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For hundreds of years, the stellar ruins at Ephesus have provided voyagers all the impetus they needed to justify a trip to this stretch of picturesque coastlands. Villagers and entrepreneurs of yore were not the first to recognize the commercial value of these scenic hills and crystal waters. Historically, the central and southern Aegean coasts were crossroads for ancient trade routes. Civilization evolved out of the convergence of Eastern and Western cultures; Hellenistic settlers who fled the Dorian invasions emphasized economic expansion and forged ties with people from Egypt, Nubia, Canaan, Mesopotamia, and the Black Sea region. Welcome to the original melting pot.

At one time, the region boasted some of the most illustrious addresses in the world. The Ionian cities of Ephesus, Bergama, Miletus, and Priene served as cultural incubators in the development of Western thought, home to such philosophers and scholars as Thales Anaximenes, Anaximendros, and Heraclites. Other famous ancient Greek guests to the Anatolian coastline of the Aegean were Aristides, Strabo, Pliny, and Homer. Later (according to tradition) Mary, under the care of St. John, settled in Ephesus, permanently altering the way an entire civilization perceived Christianity while contributing to the evolution of the religion itself.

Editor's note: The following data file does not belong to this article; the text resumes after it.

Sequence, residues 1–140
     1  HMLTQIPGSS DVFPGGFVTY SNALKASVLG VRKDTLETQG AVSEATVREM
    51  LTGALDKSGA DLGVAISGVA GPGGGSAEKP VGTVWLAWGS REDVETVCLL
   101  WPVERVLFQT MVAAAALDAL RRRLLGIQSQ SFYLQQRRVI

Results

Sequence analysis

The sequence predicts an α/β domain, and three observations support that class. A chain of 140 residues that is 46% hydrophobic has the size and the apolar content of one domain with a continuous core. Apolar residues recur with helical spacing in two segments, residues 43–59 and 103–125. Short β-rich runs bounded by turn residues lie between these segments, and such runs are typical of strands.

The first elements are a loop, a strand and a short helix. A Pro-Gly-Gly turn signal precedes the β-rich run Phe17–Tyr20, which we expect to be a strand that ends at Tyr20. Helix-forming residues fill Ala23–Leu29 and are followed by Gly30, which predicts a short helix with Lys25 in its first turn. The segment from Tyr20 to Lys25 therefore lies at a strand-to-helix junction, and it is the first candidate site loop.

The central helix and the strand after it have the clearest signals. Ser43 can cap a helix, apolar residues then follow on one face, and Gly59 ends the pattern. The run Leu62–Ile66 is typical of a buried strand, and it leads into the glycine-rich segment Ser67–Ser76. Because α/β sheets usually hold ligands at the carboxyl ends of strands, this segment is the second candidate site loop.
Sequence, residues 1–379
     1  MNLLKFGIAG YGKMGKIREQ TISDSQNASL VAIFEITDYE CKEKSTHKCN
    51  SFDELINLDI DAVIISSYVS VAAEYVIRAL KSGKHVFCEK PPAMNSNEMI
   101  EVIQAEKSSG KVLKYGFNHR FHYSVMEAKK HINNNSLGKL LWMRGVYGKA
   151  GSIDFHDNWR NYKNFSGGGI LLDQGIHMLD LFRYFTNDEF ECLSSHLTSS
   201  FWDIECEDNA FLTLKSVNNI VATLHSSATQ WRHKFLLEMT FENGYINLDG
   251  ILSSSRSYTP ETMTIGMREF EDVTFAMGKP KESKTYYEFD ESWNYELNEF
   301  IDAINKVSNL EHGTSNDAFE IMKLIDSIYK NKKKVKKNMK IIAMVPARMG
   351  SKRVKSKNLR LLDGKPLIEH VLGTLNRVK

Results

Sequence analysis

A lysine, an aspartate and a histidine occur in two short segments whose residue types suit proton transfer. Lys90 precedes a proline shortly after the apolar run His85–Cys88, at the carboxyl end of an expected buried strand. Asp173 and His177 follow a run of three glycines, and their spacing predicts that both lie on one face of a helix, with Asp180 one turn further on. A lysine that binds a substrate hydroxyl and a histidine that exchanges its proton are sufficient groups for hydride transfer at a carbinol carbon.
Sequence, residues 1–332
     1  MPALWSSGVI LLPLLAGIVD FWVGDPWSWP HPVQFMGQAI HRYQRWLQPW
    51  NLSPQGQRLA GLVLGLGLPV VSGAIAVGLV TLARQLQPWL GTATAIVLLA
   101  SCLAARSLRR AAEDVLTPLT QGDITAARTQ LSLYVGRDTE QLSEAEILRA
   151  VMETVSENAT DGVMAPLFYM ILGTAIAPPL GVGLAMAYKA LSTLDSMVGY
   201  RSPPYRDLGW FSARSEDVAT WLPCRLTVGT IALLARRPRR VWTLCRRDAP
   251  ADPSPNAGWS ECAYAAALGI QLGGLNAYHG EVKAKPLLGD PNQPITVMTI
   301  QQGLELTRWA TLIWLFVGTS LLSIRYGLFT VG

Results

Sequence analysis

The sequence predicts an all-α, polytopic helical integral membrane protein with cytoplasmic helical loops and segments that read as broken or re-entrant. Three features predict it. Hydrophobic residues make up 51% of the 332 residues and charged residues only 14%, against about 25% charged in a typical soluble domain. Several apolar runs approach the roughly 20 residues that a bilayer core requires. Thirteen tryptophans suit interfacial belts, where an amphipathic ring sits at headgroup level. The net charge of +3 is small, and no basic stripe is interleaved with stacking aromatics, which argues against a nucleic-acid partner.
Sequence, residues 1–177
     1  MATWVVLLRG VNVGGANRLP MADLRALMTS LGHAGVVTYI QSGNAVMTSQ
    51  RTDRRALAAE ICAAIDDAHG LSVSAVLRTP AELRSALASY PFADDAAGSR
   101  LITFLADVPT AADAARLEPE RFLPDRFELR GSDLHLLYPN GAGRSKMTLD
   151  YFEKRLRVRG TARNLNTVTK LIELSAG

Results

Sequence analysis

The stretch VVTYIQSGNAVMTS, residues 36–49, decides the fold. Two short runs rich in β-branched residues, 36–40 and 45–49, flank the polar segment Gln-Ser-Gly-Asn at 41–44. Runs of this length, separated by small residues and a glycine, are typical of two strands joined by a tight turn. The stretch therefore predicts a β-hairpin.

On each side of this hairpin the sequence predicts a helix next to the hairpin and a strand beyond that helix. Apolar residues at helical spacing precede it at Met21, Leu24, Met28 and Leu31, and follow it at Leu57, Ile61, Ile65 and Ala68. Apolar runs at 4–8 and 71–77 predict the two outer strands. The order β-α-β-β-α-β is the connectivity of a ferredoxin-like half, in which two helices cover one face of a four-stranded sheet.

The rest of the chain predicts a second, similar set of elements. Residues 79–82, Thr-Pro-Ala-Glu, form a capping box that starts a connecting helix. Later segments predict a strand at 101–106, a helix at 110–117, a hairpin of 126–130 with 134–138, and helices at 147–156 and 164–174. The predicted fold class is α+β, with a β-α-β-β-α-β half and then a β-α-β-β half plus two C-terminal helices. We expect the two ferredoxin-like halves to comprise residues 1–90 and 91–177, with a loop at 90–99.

The presence of the sea becomes more insistent south of Izmir, characterized by a coastline backed by olive groves, rocky crags, and pine woods. But in recent years rampant development has been the rule and many of the region's fishing villages and farming towns have been transformed by the irresistible lure of the euro, pound sterling, and yen. The open-air museum of Ephesus, for example, is a human parking lot in August, and Bodrum in high season (mid-June through Aug) brings competition for sand, surf, and sustenance to new heights. The information in this section strives to strike a balance between lesser-traveled areas while acknowledging the fact that no one is coming to this part of Turkey to do a drive-by of Ephesus.

The destinations mentioned in this section are all within 3 hours of one another, and buses run regularly between cities. For shorter excursions, the local dolmuses (minivan-type public transportation) are reliable, though they usually call it quits in the early evening. Driving is easy and the new highways provide choice for quick excursions or the scenic route. Time can be split easily between beach activities and visiting the ancient sights. This is the place to take as much time as necessary to decompress from the worries of everyday life.